Saturday night will see one of the biggest competitions of the year
come to a close, in what we can only hope is a knockdown-dragout
finale. The Salt City Derby Girls championship game (and final
match of the 2010 season) will take place tomorrow evening at The
Salt Palace, bringing their sixth year in existence to a thrillingly
bruised and beaten conclusion. Its been a hell of a year for the
group seeing changes in teams, not to mention what may be the first
three-peat in the league's history.
Coming into the event will be the defending champions, Leave It To Cleavers. Being the upsetting underdogs in 2008 and retaining defenders of 2009, the harsh-hitting housewives look to be the first team in SCDG history to take the title home three years in a row. But standing in their way are this year's comeback kids, The Death Dealers. A team that's been constantly out of contention for championships over the years, the persistent ninjas stealthily climbed their way to the top to remain undefeated this year and are looking to assassinate their opponent's chances. Prior to game time, I got to chat with both the team's captains about their time in the SCDG, their respective teams, tomorrow's match and thoughts on roller derby.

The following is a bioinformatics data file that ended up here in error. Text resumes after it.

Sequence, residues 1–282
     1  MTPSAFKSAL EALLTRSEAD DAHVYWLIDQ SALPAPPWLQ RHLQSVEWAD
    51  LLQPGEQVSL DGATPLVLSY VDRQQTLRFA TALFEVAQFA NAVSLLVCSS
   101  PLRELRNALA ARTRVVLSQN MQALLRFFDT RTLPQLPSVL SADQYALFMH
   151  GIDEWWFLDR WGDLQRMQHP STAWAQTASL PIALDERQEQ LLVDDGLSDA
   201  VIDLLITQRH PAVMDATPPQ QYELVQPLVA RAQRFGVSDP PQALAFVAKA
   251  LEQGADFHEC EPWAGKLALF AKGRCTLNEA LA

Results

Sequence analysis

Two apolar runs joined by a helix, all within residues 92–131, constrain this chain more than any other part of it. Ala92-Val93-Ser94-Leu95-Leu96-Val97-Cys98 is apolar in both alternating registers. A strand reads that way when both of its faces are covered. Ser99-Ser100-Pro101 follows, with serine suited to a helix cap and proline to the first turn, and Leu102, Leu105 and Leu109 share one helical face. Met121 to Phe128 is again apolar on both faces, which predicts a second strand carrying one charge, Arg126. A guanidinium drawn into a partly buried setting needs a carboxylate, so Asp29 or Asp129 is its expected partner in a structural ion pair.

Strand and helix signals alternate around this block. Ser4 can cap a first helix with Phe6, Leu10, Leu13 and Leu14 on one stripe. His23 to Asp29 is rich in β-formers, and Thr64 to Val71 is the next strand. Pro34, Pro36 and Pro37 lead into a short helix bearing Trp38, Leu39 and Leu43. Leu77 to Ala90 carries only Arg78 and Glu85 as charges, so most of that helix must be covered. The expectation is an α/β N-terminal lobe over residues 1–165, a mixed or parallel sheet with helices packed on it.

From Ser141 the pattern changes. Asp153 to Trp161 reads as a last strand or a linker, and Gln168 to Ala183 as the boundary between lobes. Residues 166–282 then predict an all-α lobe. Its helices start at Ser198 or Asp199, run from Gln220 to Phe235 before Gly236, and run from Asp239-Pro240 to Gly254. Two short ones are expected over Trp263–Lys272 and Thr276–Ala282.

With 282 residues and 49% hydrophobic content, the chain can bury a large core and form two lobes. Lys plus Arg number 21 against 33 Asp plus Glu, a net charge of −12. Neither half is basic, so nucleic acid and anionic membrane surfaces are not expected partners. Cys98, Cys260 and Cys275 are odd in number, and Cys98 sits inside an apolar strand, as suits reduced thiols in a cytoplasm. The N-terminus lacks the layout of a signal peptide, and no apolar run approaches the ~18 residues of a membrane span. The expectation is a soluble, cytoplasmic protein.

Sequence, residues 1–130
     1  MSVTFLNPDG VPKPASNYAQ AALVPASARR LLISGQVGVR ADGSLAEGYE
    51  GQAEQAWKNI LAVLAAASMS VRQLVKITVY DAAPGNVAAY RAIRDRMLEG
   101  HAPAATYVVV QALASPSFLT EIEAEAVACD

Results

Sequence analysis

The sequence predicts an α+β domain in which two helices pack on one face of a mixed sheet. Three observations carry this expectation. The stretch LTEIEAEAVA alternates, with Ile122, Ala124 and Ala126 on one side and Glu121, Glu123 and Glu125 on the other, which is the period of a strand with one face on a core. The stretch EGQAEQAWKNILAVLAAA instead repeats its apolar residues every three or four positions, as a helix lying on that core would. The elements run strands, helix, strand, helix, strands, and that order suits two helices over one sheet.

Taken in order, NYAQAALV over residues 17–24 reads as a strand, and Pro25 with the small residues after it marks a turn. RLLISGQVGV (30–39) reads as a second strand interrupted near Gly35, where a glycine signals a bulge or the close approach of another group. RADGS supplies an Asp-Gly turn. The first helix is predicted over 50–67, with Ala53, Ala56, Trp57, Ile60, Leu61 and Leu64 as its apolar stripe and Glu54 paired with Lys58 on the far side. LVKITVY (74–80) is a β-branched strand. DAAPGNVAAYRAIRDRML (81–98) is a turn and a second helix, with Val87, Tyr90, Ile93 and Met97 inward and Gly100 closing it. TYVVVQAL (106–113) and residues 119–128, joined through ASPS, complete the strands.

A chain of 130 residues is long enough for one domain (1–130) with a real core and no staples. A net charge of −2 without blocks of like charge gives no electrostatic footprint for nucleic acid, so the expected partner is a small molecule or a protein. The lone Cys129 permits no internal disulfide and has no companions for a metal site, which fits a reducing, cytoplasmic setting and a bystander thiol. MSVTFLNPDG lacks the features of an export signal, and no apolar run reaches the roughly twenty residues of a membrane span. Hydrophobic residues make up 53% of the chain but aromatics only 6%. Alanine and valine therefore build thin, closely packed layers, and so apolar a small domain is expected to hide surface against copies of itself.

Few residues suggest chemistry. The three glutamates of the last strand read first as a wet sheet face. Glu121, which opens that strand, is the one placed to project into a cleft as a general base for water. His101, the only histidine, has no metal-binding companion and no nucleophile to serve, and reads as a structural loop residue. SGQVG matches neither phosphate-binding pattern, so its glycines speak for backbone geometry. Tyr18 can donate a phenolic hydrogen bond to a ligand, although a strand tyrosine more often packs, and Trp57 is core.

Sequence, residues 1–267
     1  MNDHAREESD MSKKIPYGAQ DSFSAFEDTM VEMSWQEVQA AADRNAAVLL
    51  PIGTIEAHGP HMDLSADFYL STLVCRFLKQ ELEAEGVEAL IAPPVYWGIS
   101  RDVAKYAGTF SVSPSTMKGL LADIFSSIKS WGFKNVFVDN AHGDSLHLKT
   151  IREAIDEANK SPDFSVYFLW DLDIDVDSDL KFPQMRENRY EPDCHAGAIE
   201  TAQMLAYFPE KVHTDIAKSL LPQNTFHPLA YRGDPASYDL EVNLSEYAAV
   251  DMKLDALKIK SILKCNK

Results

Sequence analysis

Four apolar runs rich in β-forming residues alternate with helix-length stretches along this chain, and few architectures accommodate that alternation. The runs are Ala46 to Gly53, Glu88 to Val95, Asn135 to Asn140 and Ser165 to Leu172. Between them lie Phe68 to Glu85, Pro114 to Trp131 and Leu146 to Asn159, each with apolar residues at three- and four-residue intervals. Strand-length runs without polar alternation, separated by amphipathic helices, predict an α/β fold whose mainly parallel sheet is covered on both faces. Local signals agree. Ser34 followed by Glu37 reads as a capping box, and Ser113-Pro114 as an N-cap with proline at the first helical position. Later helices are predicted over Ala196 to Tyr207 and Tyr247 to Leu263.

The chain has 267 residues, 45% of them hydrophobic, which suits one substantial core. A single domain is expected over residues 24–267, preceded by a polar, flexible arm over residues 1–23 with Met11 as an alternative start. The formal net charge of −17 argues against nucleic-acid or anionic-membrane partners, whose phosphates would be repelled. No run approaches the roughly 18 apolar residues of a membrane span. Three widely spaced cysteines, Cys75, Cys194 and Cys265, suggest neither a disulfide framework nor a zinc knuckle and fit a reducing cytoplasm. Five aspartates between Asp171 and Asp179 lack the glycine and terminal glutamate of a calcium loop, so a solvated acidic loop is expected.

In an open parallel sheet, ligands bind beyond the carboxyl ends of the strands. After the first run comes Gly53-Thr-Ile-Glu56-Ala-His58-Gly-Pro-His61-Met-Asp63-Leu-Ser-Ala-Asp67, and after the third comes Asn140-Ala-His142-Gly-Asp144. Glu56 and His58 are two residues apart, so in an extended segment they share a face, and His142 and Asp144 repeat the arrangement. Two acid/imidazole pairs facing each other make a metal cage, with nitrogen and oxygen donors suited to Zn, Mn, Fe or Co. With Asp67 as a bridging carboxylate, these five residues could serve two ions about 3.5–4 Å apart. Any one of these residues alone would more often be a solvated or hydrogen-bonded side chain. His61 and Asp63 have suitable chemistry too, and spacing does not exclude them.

Smack and DeckHer & DangerLove
Gavin: Hey gals! First off, tell us a bit about yourselves.
S&D: My name is Katie Woslager, or better known as Smack and DeckHer on the track. I moved to Utah three years from Boise, Idaho and love it so far. I work for the Utah Division of Arts & Museums as the Grant Manager. I love skating and I love art!
DL: I am 35, married and eight months pregnant with my first baby. I used to be a Professional Figure Skater. I have a Bachelors Degree from U of U in Health Promotion & Education. Currently work full time as an Executive Assistant for a Fortune 500 Company. I love dogs.
Gavin: How did you both take an interest in roller derby and what made you want to join?